Wednesday, December 21, 2011

On the Simple vs Continuous Tense

On the Simple vs Continuous Tense

A couple of years ago at a writing workshop I heard a book reviewer of a prominent Australian newspaper berate an emerging author over her use of the continuous tense. 'You never, ever should use it,' he said, slapping her work on to the table like some theatrical arsehole.

The reviewer was not alone, many writers demonise the continuous tense, often falsely labelling it passive.

But I use the continous tense now and then. Why? Because when used cleverly it works. It can:
  1. Place emphasis on time and place. It implies that the act istself  is important.
  2. Add richness to a literary piece in a poetic sense and it can slow the narrative pace 
  3. Highlight the character in action.
 The continous tense often destroys the flow of a piece and can enable a feeling of unintended 'telling'. But when used wisely it is an effective tool. Take for example Ruby J. Murray's short story 'Outback' in New Australian Stories 2:

'Mark knows she is looking at him, knows she is running her finger over her lip, which means: nervous, unsure, undecided.'

The  above achieves all the before mentioned points: time slows down to capture that moment and this further highlights Mark's observations, emphasising the sense of attraction. Of course, change it all into the present simple and it still functions well (albeit at a quicker pace) but I think that Murray chose the right tense for that particular moment of the story. And moments are a writer's chief focus - how long a writer lingers on them is debatable and dependent on style, pacing and taste.

No matter what you might have been told, the continuous tense is still a great tool to have in your writing arsenal.



Thursday, December 15, 2011

Dotdotdash Subscriberthon

Dotdotdash Subscriberthon

I confess that I no longer subscribe to Dotdotdash but before you condemn me to the gallows (this is about a subscriberthon after all) let me explain why: they're based in Perth and I attend their funky, innovative and varied launches where I buy a journal as part of the entry package (or is it on top of it? - I can't quite recall).

But subscribe away if you're outside of Perth (or if you're a Perthite not interested in attending their launches). The journal chiefly specialises in fiction and has a spanky layout in coloured glossy pages. It's a celebration of art, photography, graphic design, short fiction, creative fiction and plenty of poetry

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I think I'll always like Dotdotdash; they're local (with a national following) and they also published my first story in  Dotdotdash5, December 2010. Almost my entire writing group has published there too. Congrats to Mark Welker (now in Melbourne), Daniel Simpsom and Phil English!

The thing I really admire about the journal is that authors remain anonymous during the submission process. Your name and previous publications mean zilch so the playing field levels out. Of course that has meant that the editor, Steven Finch, has missed out on some 'name' authors but then again he's published some too and he, and the editing team, have the undeniable pleasure of unearthing new and exciting talent.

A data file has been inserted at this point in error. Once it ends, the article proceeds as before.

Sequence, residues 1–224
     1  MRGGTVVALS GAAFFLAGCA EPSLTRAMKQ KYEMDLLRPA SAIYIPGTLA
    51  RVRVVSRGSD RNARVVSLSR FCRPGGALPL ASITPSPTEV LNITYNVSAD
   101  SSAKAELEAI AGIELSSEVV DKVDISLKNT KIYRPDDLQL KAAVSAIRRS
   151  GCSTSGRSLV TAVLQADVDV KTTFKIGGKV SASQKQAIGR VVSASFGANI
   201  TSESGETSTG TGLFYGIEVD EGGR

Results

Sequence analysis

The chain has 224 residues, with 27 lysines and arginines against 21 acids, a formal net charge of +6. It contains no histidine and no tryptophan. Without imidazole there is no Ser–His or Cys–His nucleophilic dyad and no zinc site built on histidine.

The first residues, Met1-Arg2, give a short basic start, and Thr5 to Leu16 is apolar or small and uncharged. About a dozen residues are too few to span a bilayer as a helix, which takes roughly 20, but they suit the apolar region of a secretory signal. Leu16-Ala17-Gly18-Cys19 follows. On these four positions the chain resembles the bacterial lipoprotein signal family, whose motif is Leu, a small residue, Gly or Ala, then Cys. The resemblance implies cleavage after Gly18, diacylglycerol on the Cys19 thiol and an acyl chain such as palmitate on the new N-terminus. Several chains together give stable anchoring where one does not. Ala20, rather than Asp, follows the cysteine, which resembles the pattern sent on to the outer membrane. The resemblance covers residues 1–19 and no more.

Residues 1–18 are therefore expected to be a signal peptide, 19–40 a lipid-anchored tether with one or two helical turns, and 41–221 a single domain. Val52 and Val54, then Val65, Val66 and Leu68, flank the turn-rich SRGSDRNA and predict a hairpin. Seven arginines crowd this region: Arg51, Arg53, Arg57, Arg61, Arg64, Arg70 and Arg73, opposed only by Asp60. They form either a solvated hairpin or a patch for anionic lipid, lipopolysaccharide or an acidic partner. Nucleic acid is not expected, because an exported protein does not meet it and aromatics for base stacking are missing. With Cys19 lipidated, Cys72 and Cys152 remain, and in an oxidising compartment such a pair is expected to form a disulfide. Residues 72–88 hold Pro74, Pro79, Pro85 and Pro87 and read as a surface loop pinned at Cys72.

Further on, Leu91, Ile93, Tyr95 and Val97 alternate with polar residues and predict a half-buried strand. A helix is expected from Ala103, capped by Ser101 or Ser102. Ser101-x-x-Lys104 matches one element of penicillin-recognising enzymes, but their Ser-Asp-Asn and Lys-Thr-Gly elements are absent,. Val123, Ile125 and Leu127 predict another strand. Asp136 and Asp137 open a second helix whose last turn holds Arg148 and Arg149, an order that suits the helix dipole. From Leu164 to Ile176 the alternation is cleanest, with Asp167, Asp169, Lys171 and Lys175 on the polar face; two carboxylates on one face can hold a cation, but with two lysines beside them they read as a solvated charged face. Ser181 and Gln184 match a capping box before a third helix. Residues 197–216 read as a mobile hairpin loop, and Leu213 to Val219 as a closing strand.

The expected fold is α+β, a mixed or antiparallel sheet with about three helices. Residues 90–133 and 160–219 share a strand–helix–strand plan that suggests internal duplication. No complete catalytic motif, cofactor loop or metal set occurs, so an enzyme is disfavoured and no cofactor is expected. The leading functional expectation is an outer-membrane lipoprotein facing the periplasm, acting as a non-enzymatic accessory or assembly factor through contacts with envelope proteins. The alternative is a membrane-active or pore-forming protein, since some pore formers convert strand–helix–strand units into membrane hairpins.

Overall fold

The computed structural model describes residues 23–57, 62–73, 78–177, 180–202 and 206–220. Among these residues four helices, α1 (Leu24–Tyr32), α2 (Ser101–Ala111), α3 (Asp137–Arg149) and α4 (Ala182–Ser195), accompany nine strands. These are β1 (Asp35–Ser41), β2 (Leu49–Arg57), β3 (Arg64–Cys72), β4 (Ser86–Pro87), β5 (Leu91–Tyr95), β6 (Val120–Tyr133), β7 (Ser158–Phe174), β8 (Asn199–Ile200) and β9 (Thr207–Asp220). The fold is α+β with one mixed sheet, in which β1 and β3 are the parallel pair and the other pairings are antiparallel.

I wish Steve and his gang continued success in the difficult world of literary journals. With the way they promote and market themselves, they certainly deserve their rapid growth. Join them on Facebook to keep up with the fun.

Saturday, December 10, 2011

More Great Short Stories

More Great Short Stories

The whole concept is a little daggy and all in good fun. I'll reitirate that the before mentioned stories consist of some of my current personal favourites and are certainly not indicative of what is ‘best'. For instance with some stories such as "The Bordello in Faerie", I was concentrating on what I loved about it rather than its flaws. In a year or two who knows, the list may be completely different. I think it's already changing - a state of permanent flux if you'd like

There are other notable stories, outside of the many gems written by Will Self, Angela Carter and Joyce Carol Oates, which I’d recommend to any reader:

A Few More Favourites 

'The Swimmer' by John Cheever

'A Bullet in the Brain' by Tobias Wolf

'Lollies' by David McLaren in Dotdotdash5 (an Australian story)

'The Use of Force' by William Carlos Williams

'D.P' by Kurt Vonnegut Jr

'The Killers' by Ernest Hemmingway

'A Habit of Waste' by Nalo Hopkinson

'The Way of the Cross and Dragon' by George R.R. Martin

'Jefty is Five' by Harlan Ellison

'Girls and Boys, Come Out to Play' by Michael Swanwick

As always, interested in your thoughts on the short story list and any of your own favourite works.

   
Nalo Hopkinson

Sunday, December 4, 2011

Short Story: 'Rachel in Love' by Pat Murphy

"Rachel in Love" by Pat Murphy



"Rachel in Love" by Pat Murphy is one of my all-time favourites. Once again, I first read the story in the Locus Awards anthology.

Rachel’s father is not a chimpanzee but she is and she also has memories of being a human daughter. When her ‘scientist-father’ passes, Rachel, the chimp-girl, discovers the big bad world. Pat Murphy has produced a wonderful story, deservedly winning both the Locus and Nebula awards. "Rachel in Love" deals with the in between natures of both the human and the animal; as well exploring issues of identity and acceptance.

The hybrid nature of Rachel gelled with me as some of my writing touches on similar themes. Murphy has crafted a superb story with a seemless, but also touching, narrative